Thursday, October 19, 2023

Head To Be Examined At a Later Date

It’s been my practice to wait at least a couple of weeks after losing a cat to an adoption before bringing in another, to give everyone in the Cosy Apartment - including myself - some breathing room, and to ensure that a spot remains open in case of a failed adoption. The latter, thanks to the rescue-group’s stringent interviewing process, is a rarity. And in Brazil’s case, we are giving him at least a month, probably two, rather than the usual fortnight, before we judge the success of the integration. For my part, I have little doubt that he will do well in his new home, given time.

This is by way of a prologue to explaining that in this instance there is not going to be a wait for those two months, or even two weeks. Two days, is more like it. More guests will be arriving tomorrow. Allow me to introduce Theodore and, below him, his sister Miss Chiff. (They are a few weeks older than they were in these photographs.)

You may recall Astrid, whom I trapped outside my apartment. She was adopted with one of her kittens, Dale. (Astrid’s injured eye is healing slowly and, though it will never look the way it did, and she may have some sight difficulties with it, she is prospering.) Another of her kittens, Raven, is on a trial-adoption. That leaves two: Theodore and Chiff.

Why are they coming to my apartment? For the same reason Aurora did: it’s far too crowded in their foster-home. That is where Emori and her second litter are living. Though they are not quite two weeks old, that brood is already trying to explore their world, which will mean in a very short time, six adventurers will be all over the house - well, room, until they are old enough to move about without supervision. As well, a stranger gave Emori’s foster-guardian another abandoned kitten, driving right up to the house and handing it over to her: not circumstances in which one could refuse. So that house is full, since Emori, her six babies and this new one doesn’t include the resident animals already there.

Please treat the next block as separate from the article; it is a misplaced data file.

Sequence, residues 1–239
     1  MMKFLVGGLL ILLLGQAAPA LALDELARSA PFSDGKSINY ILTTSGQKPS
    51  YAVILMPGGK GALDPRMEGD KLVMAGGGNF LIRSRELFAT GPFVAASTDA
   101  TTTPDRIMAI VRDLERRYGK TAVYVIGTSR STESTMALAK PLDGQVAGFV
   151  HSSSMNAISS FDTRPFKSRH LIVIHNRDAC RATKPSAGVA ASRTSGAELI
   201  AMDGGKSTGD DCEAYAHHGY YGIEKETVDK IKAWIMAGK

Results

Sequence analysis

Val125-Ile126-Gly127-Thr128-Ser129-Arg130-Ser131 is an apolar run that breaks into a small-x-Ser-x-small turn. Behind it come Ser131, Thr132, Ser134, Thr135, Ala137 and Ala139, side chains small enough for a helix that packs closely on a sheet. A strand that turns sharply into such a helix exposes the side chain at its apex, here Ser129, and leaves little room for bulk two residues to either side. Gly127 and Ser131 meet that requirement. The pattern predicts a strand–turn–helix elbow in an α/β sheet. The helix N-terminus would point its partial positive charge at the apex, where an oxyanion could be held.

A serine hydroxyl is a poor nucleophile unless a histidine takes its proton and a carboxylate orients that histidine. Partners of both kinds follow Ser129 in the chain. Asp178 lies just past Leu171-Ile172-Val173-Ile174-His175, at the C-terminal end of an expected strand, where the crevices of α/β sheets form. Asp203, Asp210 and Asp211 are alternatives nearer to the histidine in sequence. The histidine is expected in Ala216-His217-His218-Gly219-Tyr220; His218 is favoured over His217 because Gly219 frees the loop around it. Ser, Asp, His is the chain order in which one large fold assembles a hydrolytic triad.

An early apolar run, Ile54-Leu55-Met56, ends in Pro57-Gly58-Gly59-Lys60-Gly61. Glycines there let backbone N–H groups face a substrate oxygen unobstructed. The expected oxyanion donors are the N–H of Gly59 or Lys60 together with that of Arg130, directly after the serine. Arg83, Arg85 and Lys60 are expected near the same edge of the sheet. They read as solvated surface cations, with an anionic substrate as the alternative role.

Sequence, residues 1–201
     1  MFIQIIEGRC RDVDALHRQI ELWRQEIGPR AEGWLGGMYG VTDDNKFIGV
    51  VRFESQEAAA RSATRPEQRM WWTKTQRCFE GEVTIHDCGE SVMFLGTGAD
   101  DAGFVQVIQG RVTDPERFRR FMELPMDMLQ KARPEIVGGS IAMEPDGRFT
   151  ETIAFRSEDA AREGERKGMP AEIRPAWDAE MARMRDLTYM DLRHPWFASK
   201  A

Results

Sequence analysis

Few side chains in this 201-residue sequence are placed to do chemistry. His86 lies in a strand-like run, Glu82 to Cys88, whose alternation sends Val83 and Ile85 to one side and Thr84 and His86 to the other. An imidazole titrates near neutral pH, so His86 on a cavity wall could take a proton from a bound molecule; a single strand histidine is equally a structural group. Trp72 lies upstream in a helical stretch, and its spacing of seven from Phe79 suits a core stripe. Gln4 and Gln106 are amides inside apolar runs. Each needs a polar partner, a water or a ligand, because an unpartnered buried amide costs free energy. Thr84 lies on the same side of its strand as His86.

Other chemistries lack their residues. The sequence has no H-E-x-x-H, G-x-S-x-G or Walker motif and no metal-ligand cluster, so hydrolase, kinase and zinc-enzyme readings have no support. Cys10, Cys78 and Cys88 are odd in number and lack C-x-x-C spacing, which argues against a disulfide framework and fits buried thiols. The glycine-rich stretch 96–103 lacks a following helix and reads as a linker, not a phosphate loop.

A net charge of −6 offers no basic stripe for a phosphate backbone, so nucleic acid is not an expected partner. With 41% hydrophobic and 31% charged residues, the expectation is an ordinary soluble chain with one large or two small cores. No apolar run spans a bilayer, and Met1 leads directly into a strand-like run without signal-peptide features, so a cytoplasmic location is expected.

I hope that Thoedore and Miss Chiff will, together or singly, provide Auro with some fun and games; without Brazil, she is concentrating on driving Imogen crazy, and that is regrettable.

Six cats, three of them kittens, is not ideal for my home, but with so few people fostering, we have little choice. There has been an explosion of kittens in our community this year and, to judge from the internet, everywhere in North America. The number of times I read and hear of people who are looking for a cat who escaped its home and who was ‘just going to be spayed/neutered next week’ is absurd. Such a solution to cat over-population cannot wait.

Wednesday, October 18, 2023

The Irony of Fostering

A number of people have remarked regarding Brazil’s trial-adoption - and others cats’ adoptions - that fostering isn’t something that they could do, because it would be too hard on them to let the cat go. I find it indeed quite hard sometimes. There are those whom I would have liked to keep; recently, Percival and Hector come to mind. And, yes, Brazil.

There is an irony in fostering animals for their eventual adoption. We foster-guardians must come to know the cats who live with us, in order to provide the best care. Not only that, but we must know them in order to provide the best future home. As loving as many families may be, not all would have suited Brazil. The one to which he has now gone will suit him; the couple there understands that he may never be a cuddler or a lap-cat - though that possibility, especially in a new environment with new people, exists - and he is there primarily for their cats’ companionship, and secondarily for the people.

It is to keep the cat safe and loved until the right family comes along that there is fostering. It is to become so well acquainted with the cat that the foster-caregiver knows what he needs, when he needs it, how, and how much. To adopters, we can say - in so many words - ‘This cat may not be best for you, and vice versa, but we think this other one will thrive with you, and you will enjoy him immensely.’